"Miss Collingwood," said Marshall, in a timid whisper, "might I say a word to you, miss?"
Olive Moore belonged to the toadying faction in the school. Toadies, however, can be useful, and Janet was by no means above making use of Olive in case of need.
"Change my dress! Now I really don't understand you. Am I to come down in my dressing-gown?""No, Bridget, you are to stay here; your dinner will be brought to you." Bridget flushed crimson."Please wait one moment, Mrs. Freeman."
"Oh, I declare, the little dear is huffed about something! Well, then, I'll tell. I'll be fifteen in exactly a month from now! What do you say to that? I'm well grown, am I not, Janet?"
"Cross-patch!" murmured Violet, turning her back on Janet. "Come, Marion; come, Pauline, we won't tell her any more. We'll tell you, Dolly, of course, but we won't tell Janet. Come, Marion, let's go.""Do, my love, and call to me if you do. I would not have that dear girl frightened for the world. I am more vexed than I can say with Hickman."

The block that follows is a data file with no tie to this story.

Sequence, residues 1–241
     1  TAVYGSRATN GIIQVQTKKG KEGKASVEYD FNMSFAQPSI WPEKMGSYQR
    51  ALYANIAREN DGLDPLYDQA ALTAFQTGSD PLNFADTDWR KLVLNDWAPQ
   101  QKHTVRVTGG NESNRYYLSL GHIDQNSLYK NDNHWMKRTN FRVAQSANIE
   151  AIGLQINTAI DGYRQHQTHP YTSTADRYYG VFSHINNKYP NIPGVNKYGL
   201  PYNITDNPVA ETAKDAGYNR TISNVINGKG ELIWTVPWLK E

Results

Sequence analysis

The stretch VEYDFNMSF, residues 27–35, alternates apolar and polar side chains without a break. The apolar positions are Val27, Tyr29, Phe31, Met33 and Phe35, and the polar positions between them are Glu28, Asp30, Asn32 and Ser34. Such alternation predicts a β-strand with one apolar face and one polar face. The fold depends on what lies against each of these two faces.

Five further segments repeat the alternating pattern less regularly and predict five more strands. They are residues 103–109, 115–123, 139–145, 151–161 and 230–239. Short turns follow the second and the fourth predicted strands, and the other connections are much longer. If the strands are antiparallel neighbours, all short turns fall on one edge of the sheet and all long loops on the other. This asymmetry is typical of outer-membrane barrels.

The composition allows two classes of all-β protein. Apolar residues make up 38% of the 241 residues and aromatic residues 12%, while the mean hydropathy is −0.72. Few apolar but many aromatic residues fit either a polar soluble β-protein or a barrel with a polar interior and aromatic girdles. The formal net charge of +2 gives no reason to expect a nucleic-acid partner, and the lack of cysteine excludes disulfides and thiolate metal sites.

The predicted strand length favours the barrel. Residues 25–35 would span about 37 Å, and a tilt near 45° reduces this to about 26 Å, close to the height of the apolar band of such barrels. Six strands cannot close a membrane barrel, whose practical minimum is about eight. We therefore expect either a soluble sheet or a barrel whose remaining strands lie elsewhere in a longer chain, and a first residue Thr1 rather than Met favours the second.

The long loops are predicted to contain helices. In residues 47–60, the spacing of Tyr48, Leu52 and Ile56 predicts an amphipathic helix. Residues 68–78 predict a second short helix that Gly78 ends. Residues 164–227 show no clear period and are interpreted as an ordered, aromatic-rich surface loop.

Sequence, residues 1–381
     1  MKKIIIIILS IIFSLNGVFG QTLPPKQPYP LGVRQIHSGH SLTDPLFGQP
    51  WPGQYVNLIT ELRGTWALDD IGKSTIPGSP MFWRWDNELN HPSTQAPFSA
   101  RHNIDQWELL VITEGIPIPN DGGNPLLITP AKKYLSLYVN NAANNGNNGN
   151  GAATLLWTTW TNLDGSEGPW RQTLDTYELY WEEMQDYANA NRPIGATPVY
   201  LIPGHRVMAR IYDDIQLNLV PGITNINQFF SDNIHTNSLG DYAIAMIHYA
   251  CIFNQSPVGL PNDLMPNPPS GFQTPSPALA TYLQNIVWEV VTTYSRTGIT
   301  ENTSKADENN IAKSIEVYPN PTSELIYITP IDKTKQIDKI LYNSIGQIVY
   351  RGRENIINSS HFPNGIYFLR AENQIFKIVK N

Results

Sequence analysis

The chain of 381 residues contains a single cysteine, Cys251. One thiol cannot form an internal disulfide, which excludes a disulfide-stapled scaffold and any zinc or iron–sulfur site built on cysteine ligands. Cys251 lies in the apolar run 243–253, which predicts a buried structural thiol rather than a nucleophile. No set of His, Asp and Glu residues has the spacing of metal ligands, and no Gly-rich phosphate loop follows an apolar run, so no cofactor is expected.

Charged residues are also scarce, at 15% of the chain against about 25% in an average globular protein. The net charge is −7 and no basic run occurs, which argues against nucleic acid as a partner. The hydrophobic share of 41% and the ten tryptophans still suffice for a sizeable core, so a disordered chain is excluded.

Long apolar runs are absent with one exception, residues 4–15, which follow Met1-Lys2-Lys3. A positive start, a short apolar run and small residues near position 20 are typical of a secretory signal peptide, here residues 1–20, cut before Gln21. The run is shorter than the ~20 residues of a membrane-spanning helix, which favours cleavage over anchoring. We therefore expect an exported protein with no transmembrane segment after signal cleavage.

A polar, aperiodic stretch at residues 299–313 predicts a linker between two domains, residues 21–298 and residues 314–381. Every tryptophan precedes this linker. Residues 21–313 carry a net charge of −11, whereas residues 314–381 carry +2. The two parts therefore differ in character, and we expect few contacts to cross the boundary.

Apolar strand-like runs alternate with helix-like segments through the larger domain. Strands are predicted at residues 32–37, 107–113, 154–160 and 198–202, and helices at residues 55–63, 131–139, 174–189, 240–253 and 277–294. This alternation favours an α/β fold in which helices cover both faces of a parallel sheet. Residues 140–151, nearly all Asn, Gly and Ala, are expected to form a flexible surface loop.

"Yes, what a loud, metallic sound! We have such a dear old eight-day clock at the Castle; it's said to be quite a hundred years old, and I'm certain it's haunted. My dear Dolly, to hear that clock boom forth the hour at midnight would make the stoutest heart quail."
Janet turned at the sound of her name, and came quickly up to her mistress. She looked slight, pale, and almost insignificant beside the full, blooming, luxuriously made girl, who, resting one hand in a [Pg 15]nonchalant manner on the back of her chair, was looking full at her with laughing bright eyes.
"What about Evelyn?" inquired Dorothy.
"When she can," replied Bridget. Her hands dropped to her sides. She lowered her eyes; her proud lips were firmly shut.